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Chronoswiss is a Swiss watch brand and was founded in 1983 by Gerd Lang. Prior to launching Chronoswiss, Lang had gained significant experience in manufacturing movements for other watch brands. All Chronoswiss watches are hand-finished; while many of the movements used in Chronoswiss watches are based on the Enicar 165 movement, the Chronoswiss versions feature notable improvements, both technical and aesthetic.
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ChronoSwiss Related News

  • Chronoswiss - Sirius Repetition a quarts

    Horological highlight for the ears: With these so-called repeater watches, ingenious watchmakers conceived of a way to display the time not only visually, but also acoustically on wristwatches and pocket watches alike.

    Chronoswiss embraced this major complication several years ago and introduced its first Repetition a quarts in 2003 - incidentally, this was the only wristwatch at the time with quarter hour repetition. After twelve years in the collection, it was time for the brand to give this watch a "face lift." : The dial is now made from fine silver and decorated with an appealing guilloche design. Elegant Art Deco numbers and skeletonized, feuille shaped hands round off its elegant appearance. A gentle push of the button near the "10" adorned with a clef is all that's required to activate the chime.

    And nothing has changed regarding the intrinsic value: The housing with a 41 mm diameter, which comes either in solid stainless steel or red gold, continues to tick away with the proven, automatic Chronoswiss C.126 movement, which is equipped with a module for the quarter hour repetition. Along with Chronoswiss, the renowned complications manufacturer Dubois-Depraz from Vallee de Joux also participated in the development of the movement. They produced the delicate E 94 striking mechanism module (all or nothing mechanism) with a diameter of 28 millimeters. A small hammer first strikes the number of the hours (ding) and then 2 small hammers strike the quarter hours on two precisely tuned gongs (ding-dong).

  • Geneva Watchmaking Grand Prix - Small hand, big value

    The "petite aiguille" in French is what anyone who learned to tell the time in English first heard of as the "small hand", or the hour hand. The name given to the category of watches with a retail price under 8,000 Swiss francs in the Geneva Watchmaking Grand Prix alludes to the "Aiguille d'Or", which is the trophy awarded to the overall winner of the Grand Prix.

    With the upper price limit being the only criterion in this category, it is the one category in which ladies' watches compete head-to-head with gents' watches, with ladies' watches such as the Baume & Mercier Clifton and the Boucheron Reflet Large vying with gents' watches from brands as diverse as Chronoswiss and Seiko.

    Ladies first
    For a shade over 3,000 Swiss francs, the 30mm Clifton ladies' model from Baume & Mercier ticks all the boxes required for a classic luxury timepiece for ladies. At this price level, the case is of course in stainless steel, but the dial puts the watch in the luxury bracket with its mother-of-pearl base, diamond hour markers and gilt hands. Add to this the reliability of an ETA self-winding movement and 50 metre water resistance and the Clifton becomes a worthy contender as one of only three ladies' watches in this category.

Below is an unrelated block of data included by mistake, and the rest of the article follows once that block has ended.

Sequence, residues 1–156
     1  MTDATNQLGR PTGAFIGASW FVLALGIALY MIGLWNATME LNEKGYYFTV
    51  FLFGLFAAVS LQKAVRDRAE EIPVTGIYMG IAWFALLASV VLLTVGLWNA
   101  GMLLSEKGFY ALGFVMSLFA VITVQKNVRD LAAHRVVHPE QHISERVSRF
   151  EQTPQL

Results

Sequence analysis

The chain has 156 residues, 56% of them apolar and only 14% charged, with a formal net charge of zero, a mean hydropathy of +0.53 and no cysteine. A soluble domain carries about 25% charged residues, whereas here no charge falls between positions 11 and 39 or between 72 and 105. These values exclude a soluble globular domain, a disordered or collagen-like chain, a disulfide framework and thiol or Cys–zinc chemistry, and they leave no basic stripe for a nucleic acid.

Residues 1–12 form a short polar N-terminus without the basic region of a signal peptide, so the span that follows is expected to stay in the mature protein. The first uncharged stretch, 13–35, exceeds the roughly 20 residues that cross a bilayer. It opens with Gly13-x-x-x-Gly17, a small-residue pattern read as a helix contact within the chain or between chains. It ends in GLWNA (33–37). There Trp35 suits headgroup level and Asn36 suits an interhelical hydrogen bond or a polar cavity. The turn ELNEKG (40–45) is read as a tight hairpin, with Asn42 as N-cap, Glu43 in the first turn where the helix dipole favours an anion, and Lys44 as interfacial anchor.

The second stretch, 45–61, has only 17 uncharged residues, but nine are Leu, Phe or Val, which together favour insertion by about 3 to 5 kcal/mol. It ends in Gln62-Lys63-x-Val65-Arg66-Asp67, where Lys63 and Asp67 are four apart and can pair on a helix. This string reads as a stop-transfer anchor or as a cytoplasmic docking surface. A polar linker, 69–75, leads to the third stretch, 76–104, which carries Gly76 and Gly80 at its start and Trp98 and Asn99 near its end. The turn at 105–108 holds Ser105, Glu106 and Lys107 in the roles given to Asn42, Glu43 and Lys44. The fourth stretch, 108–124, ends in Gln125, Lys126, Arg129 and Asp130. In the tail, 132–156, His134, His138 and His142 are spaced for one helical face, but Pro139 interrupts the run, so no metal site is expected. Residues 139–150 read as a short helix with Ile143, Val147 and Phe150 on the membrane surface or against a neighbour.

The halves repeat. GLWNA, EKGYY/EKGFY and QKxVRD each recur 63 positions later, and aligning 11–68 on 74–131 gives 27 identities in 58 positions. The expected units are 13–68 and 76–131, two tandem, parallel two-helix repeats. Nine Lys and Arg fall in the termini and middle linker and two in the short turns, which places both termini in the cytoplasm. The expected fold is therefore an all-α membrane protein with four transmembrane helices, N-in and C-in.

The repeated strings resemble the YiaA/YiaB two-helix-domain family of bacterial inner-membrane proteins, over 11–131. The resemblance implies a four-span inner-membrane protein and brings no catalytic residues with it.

Boucheron's "Reflet Large" model, on the other hand, offers a different aesthetic with various signature elements from the brand. The rectangular case, white lacquered dial and Roman numerals, completed by the cabochon on the crown and secret Vendôme column motif etched on to the sapphire crystal put this timepiece beyond comparison.

    A renaissance of the regulator
    Chronoswiss packs a lot into its new Sirius Regulateur model. As the rebirth of the first series-produced wristwatch with a regulator display, which the brand presented in 1988, the new regulator model offers the brand's own in-house C.122 self-winding movement in a 40mm diameter stainless-steel case and with a guilloche-patterned solid sterling silver dial for a seemingly unbeatable 5,600 Swiss francs. As one of only three regulator-type watches in the entire competition, and certainly the only one at this price level, the Chronoswiss Sirius Regulateur sends out a b signal at a time of significant change for the company, which has just opened its new manufacture building in Lucerne.


    Hi-beat, higher exclusivity
    The first Grand Seiko model to be equipped with a GMT function is available as a limited edition of only 600 watches worldwide. The calibre 9S86 used in this watch, a derivative of the calibre 9S85 launched in 2009, offers chronometer levels of accuracy thanks to the use of the company's proprietary Spron 610 alloy for the balance spring, which offers greater resistance to magnetism and shocks.

    The Seiko Hi-beat GMT also has an unusual titanium oscillating mass that takes up the entire case back and is anodized to give it a golden hue. Seiko chose titanium because of its high elasticity and its capacity to absorb vibrations, which thus reduces distortion of the weight and the impact on its bearings.

    Encompassing everything from classic luxury to the latest in high-tech watchmaking developments, the "petite aiguille" category offers a snapshot of the luxury watchmaking landscape. The jury will undoubtedly face a difficult choice as it attempts to capture the current trends in this accessible category.

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